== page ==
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'Corporate psychopaths' at large

By Lisa Desai for CNN

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Christian Bale stars as Wall Street psychopath Patrick Bateman in the movie version of "American Psycho".
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LONDON, England (CNN) -- If you work in an office, watch out -- your boss or the person sitting next to you could be a psychopath.

But not every psychopath is a budding Hannibal Lecter or Patrick Bateman, the Harvard Business School-educated Wall Street banker with a sadistic murderous streak who is the anti-hero of Brett Easton Ellis' brutal novel "American Psycho".

They may not be violent, the New Scientist magazine warns, but their character traits are identifiable as psychopathic and they're helping them climb the corporate ladder.

According to Professor Robert Hare, an expert in psychopathy at the University of British Columbia, Canada, "corporate psychopaths" are ruthless, manipulative, superficially charming and impulsive -- the very traits that are landing them high-powered managerial roles.

"Psychopaths are social predators and like all predators they are looking for feeding grounds," he said. "Wherever you get power, prestige and money you will find them."

The key characteristics shared by all psychopaths -- Professor Hare estimates that as much as one percent of the population of Britain and North America are clinically psychopathic -- are their lack of compassion and inability to empathize with others.

And while they may thrive in high pressure environments, they can also harm the companies they work for and make life a misery for their co-workers, throwing fits of rage, blaming others when things go wrong, and taking credit for other people's work.

The test

To combat this Professor Hare has teamed up with corporate psychologist Dr. Paul Babiak to design a test that allows companies to detect corporate psychopaths before they can do serious damage in the workplace.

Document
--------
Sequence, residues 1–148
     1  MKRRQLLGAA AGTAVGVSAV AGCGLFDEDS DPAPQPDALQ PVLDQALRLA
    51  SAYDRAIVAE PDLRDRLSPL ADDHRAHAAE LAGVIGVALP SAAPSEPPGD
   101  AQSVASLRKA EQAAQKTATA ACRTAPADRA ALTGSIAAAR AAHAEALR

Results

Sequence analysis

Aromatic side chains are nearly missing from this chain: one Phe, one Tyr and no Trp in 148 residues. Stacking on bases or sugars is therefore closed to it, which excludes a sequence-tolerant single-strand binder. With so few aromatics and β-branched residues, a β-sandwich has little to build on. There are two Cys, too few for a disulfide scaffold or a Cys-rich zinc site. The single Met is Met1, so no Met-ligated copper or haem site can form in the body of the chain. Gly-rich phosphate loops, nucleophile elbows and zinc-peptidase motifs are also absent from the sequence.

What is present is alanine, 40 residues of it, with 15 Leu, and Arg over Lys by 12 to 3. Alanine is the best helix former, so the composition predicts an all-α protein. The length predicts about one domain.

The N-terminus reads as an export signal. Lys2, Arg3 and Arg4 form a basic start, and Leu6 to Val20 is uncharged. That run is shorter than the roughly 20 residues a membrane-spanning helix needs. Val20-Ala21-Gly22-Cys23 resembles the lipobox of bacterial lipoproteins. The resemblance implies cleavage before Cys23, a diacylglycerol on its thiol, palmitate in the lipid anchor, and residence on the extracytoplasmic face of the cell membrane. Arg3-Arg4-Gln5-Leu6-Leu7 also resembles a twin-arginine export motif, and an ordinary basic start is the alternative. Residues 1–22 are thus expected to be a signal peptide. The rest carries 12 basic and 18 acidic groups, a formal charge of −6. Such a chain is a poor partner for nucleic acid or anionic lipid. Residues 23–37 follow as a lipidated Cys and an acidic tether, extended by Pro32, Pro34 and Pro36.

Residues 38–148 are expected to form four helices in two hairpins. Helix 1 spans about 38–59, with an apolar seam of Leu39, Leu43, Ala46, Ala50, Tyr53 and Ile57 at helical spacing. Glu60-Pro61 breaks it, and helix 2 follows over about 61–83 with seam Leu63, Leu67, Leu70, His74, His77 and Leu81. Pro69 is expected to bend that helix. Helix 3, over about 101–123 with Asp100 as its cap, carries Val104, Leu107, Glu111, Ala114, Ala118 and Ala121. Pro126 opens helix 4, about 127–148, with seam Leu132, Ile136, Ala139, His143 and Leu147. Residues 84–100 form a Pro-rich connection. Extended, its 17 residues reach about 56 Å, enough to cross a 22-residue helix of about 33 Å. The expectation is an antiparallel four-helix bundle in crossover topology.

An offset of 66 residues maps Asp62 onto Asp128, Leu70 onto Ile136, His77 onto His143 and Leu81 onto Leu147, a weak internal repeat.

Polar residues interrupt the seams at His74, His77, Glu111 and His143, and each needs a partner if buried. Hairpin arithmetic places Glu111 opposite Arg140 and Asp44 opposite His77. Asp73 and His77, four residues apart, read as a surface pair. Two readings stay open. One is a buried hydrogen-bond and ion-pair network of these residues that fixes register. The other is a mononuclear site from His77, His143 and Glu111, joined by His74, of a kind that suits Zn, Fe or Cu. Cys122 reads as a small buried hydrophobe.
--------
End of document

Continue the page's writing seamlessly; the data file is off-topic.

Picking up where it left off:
The "Business Scan 360" test is used to assess managers who may carry psychopathic traits yet come across as ideal corporate leaders.

Professor Hare is also examining economic crime in the U.S., such as the Enron and WorldCom scandals, to see how corporate psychopaths operate.

"The psychopath is the kind of individual that can give you the right impression, has a charming facade, can look and sound like the ideal leader, but behind this mask has a dark side," Dr. Babiak told the Vancouver Sun.

"It's this dark side of the personality that lies, is deceitful, is manipulative, that bullies other people, that promotes fraud in the organization and steals the company's money."

Hare believes that individual employees who suspect they are working with a psychopath should also take steps to avoid becoming their next "victim."

"The most important thing is to be aware," he says. "Once you take that position you are in a better position to deal with them."

Paul Farmer, from the mental health charity Rethink, agrees that "corporate psychopaths" pose a major threat to harmonious workplace relations.

"The danger is that they build up a power base and turn everyone in the organization paranoid, everyone becomes afraid of everyone else and the work culture begins to reflect the personality of the leader," said Farmer.

"The workplace is often the most stressful place a person finds themselves in, employees and managers need to keep an eye out for signs of deteriorating mental health in fellow colleagues."

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